On Wednesday, the energy price-fixing cartel OPEC+ announced that it was making a major reduction in oil production. That will end up meaning less oil on the market, and an increase in the price of gasoline for consumers worldwide, at a time of high inflation and recession fears. It is a net positive, though, for the two countries that produce the most oil in OPEC+ — Russia and Saudi Arabia.
President Joe Biden has called the move a “disappointment.” Perhaps more accurately, it’s an embarrassment for an American leader who has sought to enhance relations with the kingdom after a rough start. On top of that, it’s a sign of the limits of America’s ability to determine the global landscape amid its ongoing proxy war against Russia in Ukraine, in which Saudi Arabia has played both the US and Russia against one another.
For weeks in advance of the OPEC+ announcement, key personnel from the Biden White House were scrambling to convey to Saudi Arabia, the group’s most influential member, “how high the stakes are,” a US official told CNN.
The administration’s failed pressure campaign comes about three months after Biden’s first visit to the kingdom as president. That trip was significant because Biden had initially distanced himself from Saudi Arabia. For his first 18 months in office, he had informally decided not to meet Prince Mohammed bin Salman bin Abdulaziz, or MBS, building on his commitment during the presidential campaign to ostracize Saudi Arabia.
There was good reason to avoid MBS: The CIA had determined that he had ordered the killing of Washington Post writer Jamal Khashoggi in 2018, and since the Obama administration the Saudi prince had deepened a vicious war in Yemen. But eventually, Biden capitulated to a visit.
While in Saudi Arabia this summer, senior Biden officials argued that the Saudi trip was not only or even mostly about oil, even as gas prices in America in the spring had hit near-historic highs. They provided myriad reasons Biden went: for Israel’s security, for regional security, and to reestablish a partnership with Saudi Arabia that would prove practical as crises hit in various parts of the world. The trip, the Biden administration wanted us to believe, was about everything but oil. It was a contradiction in terms, however. Much of Saudi Arabia’s geopolitical clout and power stems from its massive oil reserves and the wealth that comes with it.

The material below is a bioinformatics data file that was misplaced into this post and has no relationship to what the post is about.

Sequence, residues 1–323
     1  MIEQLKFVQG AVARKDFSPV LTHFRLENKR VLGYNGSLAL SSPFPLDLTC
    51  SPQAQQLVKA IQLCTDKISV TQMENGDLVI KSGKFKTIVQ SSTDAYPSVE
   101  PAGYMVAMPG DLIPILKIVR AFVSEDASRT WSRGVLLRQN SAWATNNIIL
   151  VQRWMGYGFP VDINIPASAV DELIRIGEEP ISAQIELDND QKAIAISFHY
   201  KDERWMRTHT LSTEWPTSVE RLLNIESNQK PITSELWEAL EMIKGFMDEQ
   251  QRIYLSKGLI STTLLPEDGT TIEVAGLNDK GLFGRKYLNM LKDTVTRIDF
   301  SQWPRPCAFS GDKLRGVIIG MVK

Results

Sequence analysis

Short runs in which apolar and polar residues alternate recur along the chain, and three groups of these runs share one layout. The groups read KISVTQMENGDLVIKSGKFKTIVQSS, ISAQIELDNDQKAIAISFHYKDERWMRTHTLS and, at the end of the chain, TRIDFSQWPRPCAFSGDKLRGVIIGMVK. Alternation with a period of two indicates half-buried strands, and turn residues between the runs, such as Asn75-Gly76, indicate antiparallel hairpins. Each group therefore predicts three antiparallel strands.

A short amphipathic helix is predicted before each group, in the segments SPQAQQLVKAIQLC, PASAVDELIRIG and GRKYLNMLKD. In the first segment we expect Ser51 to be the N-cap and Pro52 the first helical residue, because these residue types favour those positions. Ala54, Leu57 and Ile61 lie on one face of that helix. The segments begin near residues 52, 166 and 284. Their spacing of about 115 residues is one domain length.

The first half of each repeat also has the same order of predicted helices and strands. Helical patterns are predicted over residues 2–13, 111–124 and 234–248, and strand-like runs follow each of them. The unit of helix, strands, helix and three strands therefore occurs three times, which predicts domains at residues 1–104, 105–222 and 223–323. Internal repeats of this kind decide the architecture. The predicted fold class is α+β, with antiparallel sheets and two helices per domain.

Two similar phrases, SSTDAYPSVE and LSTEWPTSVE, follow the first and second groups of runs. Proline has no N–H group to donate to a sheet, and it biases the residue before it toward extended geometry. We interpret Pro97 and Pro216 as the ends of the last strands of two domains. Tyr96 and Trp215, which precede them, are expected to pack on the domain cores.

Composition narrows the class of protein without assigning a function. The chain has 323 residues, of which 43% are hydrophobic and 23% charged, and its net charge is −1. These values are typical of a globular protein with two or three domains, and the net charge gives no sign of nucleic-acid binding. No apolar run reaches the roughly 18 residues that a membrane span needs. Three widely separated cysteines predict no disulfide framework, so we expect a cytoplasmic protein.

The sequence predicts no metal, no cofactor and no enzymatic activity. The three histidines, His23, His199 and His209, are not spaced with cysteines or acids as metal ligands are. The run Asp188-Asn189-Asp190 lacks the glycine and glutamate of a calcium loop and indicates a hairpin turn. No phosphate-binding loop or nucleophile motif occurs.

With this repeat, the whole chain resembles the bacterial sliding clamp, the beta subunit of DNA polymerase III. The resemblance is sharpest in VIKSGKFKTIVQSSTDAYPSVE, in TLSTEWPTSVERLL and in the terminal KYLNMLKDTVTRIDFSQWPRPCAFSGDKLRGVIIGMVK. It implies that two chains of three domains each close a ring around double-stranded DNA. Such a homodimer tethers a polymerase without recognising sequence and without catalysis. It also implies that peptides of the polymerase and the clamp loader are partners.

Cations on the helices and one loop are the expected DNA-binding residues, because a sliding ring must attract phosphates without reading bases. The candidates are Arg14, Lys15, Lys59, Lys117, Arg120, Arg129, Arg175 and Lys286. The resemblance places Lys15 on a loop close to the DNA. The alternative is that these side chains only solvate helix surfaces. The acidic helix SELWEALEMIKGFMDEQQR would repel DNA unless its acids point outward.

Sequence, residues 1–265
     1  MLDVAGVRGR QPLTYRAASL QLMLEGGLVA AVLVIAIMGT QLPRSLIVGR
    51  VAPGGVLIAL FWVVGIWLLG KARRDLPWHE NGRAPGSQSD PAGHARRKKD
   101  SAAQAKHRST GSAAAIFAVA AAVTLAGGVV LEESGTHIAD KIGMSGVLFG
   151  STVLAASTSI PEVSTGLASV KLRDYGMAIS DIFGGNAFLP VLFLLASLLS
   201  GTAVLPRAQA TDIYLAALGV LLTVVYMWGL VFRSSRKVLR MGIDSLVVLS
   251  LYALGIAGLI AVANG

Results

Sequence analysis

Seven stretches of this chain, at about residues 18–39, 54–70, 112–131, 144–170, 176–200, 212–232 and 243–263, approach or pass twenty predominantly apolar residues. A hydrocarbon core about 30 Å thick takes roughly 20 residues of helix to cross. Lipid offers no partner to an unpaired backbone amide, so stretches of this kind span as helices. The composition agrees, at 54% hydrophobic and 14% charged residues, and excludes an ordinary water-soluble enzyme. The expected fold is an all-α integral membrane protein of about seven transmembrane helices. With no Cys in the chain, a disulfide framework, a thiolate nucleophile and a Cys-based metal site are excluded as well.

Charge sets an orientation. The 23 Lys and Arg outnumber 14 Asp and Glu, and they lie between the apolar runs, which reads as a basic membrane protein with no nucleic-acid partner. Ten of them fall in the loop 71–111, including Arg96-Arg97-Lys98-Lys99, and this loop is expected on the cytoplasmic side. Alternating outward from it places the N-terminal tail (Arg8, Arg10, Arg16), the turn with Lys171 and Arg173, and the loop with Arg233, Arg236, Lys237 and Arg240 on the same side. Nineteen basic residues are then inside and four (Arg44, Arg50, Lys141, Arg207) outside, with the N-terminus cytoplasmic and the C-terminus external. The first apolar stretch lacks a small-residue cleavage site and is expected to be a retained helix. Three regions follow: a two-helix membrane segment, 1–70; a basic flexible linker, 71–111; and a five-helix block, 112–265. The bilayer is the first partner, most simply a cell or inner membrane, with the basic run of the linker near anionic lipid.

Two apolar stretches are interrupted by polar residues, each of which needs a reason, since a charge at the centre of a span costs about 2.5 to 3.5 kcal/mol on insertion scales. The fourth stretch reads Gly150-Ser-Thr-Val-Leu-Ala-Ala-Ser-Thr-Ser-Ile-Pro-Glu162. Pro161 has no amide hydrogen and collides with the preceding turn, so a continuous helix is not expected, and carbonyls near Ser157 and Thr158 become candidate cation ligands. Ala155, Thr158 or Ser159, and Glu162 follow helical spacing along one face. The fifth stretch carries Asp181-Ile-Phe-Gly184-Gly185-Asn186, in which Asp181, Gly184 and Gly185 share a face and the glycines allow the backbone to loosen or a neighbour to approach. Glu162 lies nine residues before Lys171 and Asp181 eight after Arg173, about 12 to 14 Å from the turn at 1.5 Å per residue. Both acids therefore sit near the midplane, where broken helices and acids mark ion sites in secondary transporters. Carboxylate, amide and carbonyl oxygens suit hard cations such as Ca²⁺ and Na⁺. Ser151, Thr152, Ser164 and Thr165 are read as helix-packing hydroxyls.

Saudi Arabia did not commit to pumping more oil in response to Biden’s visit to the country, and has spurned the US again. It’s not the first time that the US has had difficulty securing Saudi Arabia’s support. Of course, the OPEC cartel has a fraught history with the US. Today, the energy market amplifies the geopolitical power of the kingdom and a few other oil producers, even as its members like Russia and Saudi Arabia don’t always agree.
As the impact of the OPEC+ announcement reverberates, one has to ask: Why is the US so naive about Saudi Arabia?
Look who’s around Biden
One answer relates to a Washington adage that often bears repeating: Personnel is policy. In the case of US policy toward Saudi Arabia, two important figures in Biden’s orbit represent the worldview that MBS, despite all indications to the contrary, can be managed and that Saudi Arabia is too important to break up with. Those two figures — the White House’s top Middle East adviser, Brett McGurk, and senior State Department energy official Amos Hochstein — have been shuttling to Saudi Arabia on Biden’s behalf.
McGurk has described Biden’s Middle East approach as “back to basics,” in essence doubling down on some of the bipartisan articles of faith in US foreign policy, like the US dependence on petro-states in the Middle East, notably Saudi Arabia, and the need to work with non-democratic rulers for broad strategic goals beyond oil, like regional stability.
McGurk has served as a Middle East official in the administrations of Biden, Donald Trump, Barack Obama, and George W. Bush. (In 2004, the Atlantic dubbed McGurk “one of the real stars of the occupation” of Iraq.)
He has called himself “a friend of Saudi Arabia,” as I’ve previously noted. “Look, I’ve worked with MBS, and he actually is someone who you can reason with,” he said in 2019. At the time, he was in the private sector as a board director of the military tech company Primer, whose early major investor was a sovereign wealth fund of the United Arab Emirates, another Gulf autocracy that has close ties to Saudi Arabia.
Hochstein, for his part, worked as a senior energy official in Obama’s State Department and worked closely with then–Vice President Biden. From 2017 to 2020, he worked as a senior executive at the Houston-based energy company Tellurian and as an advisory board member to Naftogaz, Ukraine’s biggest national energy company.
One aspect of his career that is worth surfacing is his work as a lobbyist for oil and gas companies. In the mid-2000s, he served as a close adviser to President Teodoro Obiang Nguema of the autocratic petro-state Equatorial Guinea for $120,000 monthly. “I’m proud of all the clients I’ve represented. I haven’t done anything that would make it hard for me to look my daughter in the eye,” he said in 2006. Obiang remains in power and is as repressive as ever.